I’ve been a little discontent with my Steam game organisation for a while now. Shortly after the Steam library update came out, I removed my manually constructed categories and went gung-ho on creating ‘dynamic collections’ using genre flags and store tags. The benefit of creating a dynamic collection in this manner is that games added to your library will be automatically classified into collections for you.

Great in theory, not so much in practice.

Filters are Always ‘AND’

If you select multiple genres, store tags, or filters in general — a game will only display in this search (or collection) if they match each criterion. You have no option to do an ‘Or’ search, allowing a game with one or more of the selected filters applied to display.

Why is this a problem?

Well, consider the example of wanting to set up a dynamic category for your Roguelike/Roguelite games. You can’t. Only games that have been tagged as both (incorrectly, in this case) would appear. Any game with just one or the other tag wouldn’t.

And it gets worse:

Don’t want to make individual categories for each of these? TOO BAD.

‘But Nait,’ you might say, ‘I enjoy being incredibly pedantic about my game categorisation. This sounds great.’

Well, it might be, except…

Tags are Inconsistently Applied and Often Outright Wrong

So you see my overly pedantic friend, this whole dynamic collection thing isn’t going to help you very much either.

The most recent example of this I saw was the ‘Early Access’ tag. I used to have a category dedicated to early access titles I wanted to check up on over time. It was great! So I went to set this up again and discovered that the ‘Early Access’ was still applied to even games that had launched out of early access years upon years ago.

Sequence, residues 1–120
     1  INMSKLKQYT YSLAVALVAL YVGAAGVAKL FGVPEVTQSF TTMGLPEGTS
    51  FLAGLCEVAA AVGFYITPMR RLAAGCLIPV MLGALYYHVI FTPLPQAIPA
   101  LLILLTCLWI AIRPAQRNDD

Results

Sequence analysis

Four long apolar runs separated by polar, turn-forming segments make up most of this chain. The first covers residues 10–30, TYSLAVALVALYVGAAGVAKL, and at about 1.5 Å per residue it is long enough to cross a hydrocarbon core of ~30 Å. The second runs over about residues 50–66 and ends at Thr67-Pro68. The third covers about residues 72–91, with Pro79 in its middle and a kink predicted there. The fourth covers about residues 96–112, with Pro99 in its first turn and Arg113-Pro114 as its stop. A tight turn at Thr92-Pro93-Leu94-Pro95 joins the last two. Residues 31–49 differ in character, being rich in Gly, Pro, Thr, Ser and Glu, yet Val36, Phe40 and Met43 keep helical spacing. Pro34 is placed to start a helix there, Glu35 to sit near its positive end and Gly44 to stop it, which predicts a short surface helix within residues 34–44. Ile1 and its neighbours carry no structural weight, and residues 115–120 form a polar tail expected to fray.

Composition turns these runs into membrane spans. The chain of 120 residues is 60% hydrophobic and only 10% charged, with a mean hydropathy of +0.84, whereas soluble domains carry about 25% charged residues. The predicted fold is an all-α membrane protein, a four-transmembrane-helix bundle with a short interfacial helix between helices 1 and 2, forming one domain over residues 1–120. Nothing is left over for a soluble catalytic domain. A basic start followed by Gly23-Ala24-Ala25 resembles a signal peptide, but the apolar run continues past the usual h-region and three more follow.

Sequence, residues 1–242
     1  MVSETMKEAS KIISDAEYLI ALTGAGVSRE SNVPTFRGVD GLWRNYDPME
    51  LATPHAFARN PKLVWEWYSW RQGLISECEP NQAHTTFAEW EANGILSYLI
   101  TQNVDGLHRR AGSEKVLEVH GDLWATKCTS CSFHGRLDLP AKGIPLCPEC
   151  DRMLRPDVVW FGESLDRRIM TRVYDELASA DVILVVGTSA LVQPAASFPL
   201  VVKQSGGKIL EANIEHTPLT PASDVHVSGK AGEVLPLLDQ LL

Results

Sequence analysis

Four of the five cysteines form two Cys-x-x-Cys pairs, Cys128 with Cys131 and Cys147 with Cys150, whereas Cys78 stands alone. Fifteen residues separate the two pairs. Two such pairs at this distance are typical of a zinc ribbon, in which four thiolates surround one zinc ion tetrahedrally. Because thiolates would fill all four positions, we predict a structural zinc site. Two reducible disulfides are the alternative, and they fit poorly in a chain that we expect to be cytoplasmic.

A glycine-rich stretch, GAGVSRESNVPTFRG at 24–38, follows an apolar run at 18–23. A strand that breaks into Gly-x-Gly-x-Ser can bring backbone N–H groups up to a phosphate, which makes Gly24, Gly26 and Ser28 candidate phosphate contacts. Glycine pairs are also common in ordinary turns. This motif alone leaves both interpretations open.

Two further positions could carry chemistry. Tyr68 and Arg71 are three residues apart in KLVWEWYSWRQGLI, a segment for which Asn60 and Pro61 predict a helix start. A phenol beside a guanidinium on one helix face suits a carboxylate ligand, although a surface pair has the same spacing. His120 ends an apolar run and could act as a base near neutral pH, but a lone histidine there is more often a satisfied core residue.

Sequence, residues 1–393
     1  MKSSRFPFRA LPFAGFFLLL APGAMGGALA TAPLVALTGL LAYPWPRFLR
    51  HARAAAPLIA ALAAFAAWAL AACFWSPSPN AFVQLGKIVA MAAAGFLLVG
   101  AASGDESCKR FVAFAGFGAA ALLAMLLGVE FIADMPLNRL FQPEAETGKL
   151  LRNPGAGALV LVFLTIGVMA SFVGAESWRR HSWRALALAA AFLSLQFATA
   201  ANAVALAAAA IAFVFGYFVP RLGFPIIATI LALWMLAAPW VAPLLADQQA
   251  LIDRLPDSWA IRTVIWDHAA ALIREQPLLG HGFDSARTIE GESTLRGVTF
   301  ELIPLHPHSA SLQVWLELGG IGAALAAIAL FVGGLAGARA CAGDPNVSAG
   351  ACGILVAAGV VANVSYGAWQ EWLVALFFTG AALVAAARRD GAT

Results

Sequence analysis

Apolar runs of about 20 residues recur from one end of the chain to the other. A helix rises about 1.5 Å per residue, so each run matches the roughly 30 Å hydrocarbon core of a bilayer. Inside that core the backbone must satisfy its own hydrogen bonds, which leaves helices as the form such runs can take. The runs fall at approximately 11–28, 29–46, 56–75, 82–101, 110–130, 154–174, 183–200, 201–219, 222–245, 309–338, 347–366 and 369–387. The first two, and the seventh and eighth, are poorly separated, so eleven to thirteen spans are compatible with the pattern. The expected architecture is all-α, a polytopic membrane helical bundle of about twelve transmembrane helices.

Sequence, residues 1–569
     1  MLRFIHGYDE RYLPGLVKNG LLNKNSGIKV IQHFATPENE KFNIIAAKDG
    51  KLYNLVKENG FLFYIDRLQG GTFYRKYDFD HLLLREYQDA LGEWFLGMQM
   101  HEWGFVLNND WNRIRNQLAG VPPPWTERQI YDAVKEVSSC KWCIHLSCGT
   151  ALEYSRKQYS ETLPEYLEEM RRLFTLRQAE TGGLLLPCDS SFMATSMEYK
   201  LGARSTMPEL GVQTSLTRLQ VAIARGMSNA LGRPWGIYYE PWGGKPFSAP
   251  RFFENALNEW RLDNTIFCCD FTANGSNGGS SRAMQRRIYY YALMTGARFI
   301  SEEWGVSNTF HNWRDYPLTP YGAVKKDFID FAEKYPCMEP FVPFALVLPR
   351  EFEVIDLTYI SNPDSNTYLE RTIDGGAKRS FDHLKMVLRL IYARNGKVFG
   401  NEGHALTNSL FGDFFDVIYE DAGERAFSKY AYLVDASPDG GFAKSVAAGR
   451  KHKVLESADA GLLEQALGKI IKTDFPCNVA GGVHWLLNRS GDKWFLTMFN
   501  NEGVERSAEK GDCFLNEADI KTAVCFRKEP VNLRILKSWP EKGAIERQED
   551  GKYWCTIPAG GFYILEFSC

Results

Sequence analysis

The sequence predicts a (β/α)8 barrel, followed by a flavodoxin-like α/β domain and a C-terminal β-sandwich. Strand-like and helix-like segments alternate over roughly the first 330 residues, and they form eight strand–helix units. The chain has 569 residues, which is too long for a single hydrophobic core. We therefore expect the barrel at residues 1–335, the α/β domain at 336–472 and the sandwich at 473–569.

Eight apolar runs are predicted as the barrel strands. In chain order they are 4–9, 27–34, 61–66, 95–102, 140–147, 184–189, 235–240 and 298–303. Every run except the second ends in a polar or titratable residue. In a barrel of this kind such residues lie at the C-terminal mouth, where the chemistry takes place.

Alright, well, at least we can find a tag that will put all the games in a given series together… Right?

*Shakes head* Nope.

No More!

I put up with the limitations and quirks of the system for a while, but no more. For example, having games that should be together in a category not be… Or the other way around, e.g., why are there factory builder games in my ‘Open World’ category? I mean… I guess I can kinda see it. But this really isn’t what anyone else understands by ‘Open World’, is it?

So I deleted all the dynamic collections I had set up and revelled in the giant ‘Uncategorised’ list it left me.

It’s really quite liberating. I feel free. Like I should rip off my clothes and run down a mountain path with everything flapping free. … err, right. Where were we?

Oh yes. Giant uncategorised lists.

I will eventually do something more with it. Perhaps I’ll go through and put things back into genre categories that make sense to me again by hand.

For now I’ve created a few categories in the structure of ‘YEAR – MM Month’ in which I placed the games I purchased that month, so that I can keep track of what I’ve bought when and what is still on my backlog.

I have to say, it has made my Steam listing take on a much more judgemental air. As if it’s sitting there being awl, ‘Yeah- You bought 3 games in May. And played 0 of them’. And, ‘Six games in April! Want me to show you how many of those are unplayed? Because I can!’

I will accept the judgemental tone to my game listing though, because I fully acknowledge that it has happened more than once that I’ve picked up a game, keen to play it — but didn’t — then later, sometimes much later, surprising myself with the rediscovery of fact I owned said game.

At least I haven’t picked up anything new in June, eh? Although… There is still time left. And I hear there might be another Steam sale soon…